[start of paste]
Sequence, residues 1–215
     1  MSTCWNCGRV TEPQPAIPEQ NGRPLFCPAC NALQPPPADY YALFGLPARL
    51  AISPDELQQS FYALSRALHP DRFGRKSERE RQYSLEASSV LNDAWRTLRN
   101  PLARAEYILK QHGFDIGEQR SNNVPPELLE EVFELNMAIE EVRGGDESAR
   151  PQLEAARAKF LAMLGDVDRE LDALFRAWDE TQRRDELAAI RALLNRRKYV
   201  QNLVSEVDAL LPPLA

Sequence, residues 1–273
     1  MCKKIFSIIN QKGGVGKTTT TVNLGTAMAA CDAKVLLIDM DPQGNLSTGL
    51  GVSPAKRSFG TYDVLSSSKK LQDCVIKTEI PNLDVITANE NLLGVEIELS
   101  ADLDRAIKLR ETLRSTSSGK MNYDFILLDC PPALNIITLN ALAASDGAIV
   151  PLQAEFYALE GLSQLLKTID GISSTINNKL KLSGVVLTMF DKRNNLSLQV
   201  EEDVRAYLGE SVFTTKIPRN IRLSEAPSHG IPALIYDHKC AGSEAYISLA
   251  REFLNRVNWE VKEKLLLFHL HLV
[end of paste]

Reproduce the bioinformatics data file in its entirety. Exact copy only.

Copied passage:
Sequence, residues 1–215
     1  MSTCWNCGRV TEPQPAIPEQ NGRPLFCPAC NALQPPPADY YALFGLPARL
    51  AISPDELQQS FYALSRALHP DRFGRKSERE RQYSLEASSV LNDAWRTLRN
   101  PLARAEYILK QHGFDIGEQR SNNVPPELLE EVFELNMAIE EVRGGDESAR
   151  PQLEAARAKF LAMLGDVDRE LDALFRAWDE TQRRDELAAI RALLNRRKYV
   201  QNLVSEVDAL LPPLA

Sequence, residues 1–273
     1  MCKKIFSIIN QKGGVGKTTT TVNLGTAMAA CDAKVLLIDM DPQGNLSTGL
    51  GVSPAKRSFG TYDVLSSSKK LQDCVIKTEI PNLDVITANE NLLGVEIELS
   101  ADLDRAIKLR ETLRSTSSGK MNYDFILLDC PPALNIITLN ALAASDGAIV
   151  PLQAEFYALE GLSQLLKTID GISSTINNKL KLSGVVLTMF DKRNNLSLQV
   201  EEDVRAYLGE SVFTTKIPRN IRLSEAPSHG IPALIYDHKC AGSEAYISLA
   251  REFLNRVNWE VKEKLLLFHL HLV